Video games have a near-universal reputation for being bad for us, our kids and society in general. But what does the scientific evidence have to say about all this? Author Pete Etchells has the answers.
Conventional wisdom, for what it’s worth, has long held that video games are to blame for pretty much everything that’s wrong with society. They encourage violence, isolate gamers in lonely digital silos, narrow our minds and rob us of leisure time that could be so much better spent climbing trees, fishing and playing football. Of course, we’ve got the hyperactive red-top media to blame for never letting the truth get in the way of a good story. But what is the truth about video games? What does this picture look like when we go behind the headlines and take a long, hard, dispassionate look at the scientific research and data?
This is a question that author Pete Etchells sets out to answer in his myth-busting and quite frankly surprising book ‘Lost in a Good Game’, in which he peers past the media hype to present us with the objective reality of what he (along with the data) considers to be a much-maligned pastime. Etchells, who is a reader in psychology and science communication at Bath Spa University, says: “First and foremost, what I’m trying to do in the book is to provide a corrective around some of the wider moral panics that come with video games. We see lots of stories in the news saying that video games are fundamentally and inherently bad, harmful things. And yet we don’t really have those sorts of conversations about listening to the radio or reading books.”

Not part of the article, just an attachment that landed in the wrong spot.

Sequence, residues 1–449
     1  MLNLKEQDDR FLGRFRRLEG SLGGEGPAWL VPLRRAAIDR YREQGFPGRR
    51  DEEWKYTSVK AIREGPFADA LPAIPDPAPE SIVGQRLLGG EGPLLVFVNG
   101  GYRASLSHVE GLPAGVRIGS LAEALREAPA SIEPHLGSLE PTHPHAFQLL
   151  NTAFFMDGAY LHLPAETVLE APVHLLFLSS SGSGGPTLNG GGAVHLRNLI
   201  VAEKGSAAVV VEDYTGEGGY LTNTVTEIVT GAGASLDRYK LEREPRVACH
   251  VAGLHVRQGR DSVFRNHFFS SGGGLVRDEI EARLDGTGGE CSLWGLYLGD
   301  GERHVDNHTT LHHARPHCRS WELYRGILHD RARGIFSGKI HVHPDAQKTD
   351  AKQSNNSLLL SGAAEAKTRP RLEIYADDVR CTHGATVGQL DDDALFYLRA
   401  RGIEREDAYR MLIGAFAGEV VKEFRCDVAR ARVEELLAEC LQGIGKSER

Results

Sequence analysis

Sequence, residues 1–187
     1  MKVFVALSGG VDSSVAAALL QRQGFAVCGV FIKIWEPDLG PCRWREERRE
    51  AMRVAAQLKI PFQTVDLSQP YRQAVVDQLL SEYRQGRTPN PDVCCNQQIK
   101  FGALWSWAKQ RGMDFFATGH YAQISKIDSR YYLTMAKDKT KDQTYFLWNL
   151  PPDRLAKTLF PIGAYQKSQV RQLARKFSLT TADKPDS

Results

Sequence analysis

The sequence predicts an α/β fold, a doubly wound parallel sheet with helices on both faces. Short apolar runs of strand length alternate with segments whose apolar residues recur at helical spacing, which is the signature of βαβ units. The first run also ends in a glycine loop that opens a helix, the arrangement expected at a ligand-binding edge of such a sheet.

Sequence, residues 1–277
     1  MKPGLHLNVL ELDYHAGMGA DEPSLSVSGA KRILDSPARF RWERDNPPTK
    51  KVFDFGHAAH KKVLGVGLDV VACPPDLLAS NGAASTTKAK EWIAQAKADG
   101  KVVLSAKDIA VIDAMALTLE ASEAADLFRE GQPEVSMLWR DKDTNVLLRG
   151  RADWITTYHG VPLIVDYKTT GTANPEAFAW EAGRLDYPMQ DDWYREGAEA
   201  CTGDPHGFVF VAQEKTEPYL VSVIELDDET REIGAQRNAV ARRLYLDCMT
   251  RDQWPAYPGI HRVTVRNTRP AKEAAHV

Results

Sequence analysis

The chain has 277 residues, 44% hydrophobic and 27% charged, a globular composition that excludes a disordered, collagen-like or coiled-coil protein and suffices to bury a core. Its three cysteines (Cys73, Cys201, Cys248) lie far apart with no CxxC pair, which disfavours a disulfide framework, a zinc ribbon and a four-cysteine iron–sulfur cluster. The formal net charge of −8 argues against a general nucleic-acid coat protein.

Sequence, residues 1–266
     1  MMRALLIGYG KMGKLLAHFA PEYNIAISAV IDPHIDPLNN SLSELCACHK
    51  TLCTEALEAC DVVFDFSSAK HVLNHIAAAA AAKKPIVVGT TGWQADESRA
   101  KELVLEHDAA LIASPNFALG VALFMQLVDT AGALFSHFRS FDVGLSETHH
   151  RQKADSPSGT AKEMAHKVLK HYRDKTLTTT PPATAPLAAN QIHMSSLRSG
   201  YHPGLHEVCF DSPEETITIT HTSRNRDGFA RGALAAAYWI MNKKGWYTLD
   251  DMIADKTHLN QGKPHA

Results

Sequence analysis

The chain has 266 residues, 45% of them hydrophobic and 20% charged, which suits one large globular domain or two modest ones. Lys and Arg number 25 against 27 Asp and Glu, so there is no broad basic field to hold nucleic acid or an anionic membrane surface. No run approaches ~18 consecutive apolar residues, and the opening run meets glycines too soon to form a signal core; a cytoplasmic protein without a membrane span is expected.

It’s almost as if, says Etchells, the video game has become a special media form “deserving a special form of attention. And that attention is invariably negative.” As an expert on the psychological effects of video games (who is incidentally of the opinion that the World Health Organization’s plans to classify ‘game addiction’ as a danger to public health is both based on bad science and a bad idea), “I thought it was time to be objective about this, not just in looking at the effects video games have on us, but also in looking at where these negative perceptions came from in the first place. I also wanted to look at the good things about them, and what positives we can take away from that.”
If you are of the opinion that it is simply axiomatic that video games are bad for you, you’re not on your own. But the ‘fundamental question’ is why we think this. Etchells says that one of the main reasons for this prejudice is that, compared with, say, reading or listening to the radio, there’s a much higher technological bar to entry into the video games world. Essentially, he says, the mindset that can’t engage with the complexities of getting started in the first place – downloading software, learning handset controls and so on – is prone to a kind of technophobia that instinctively dismisses the concept out of hand.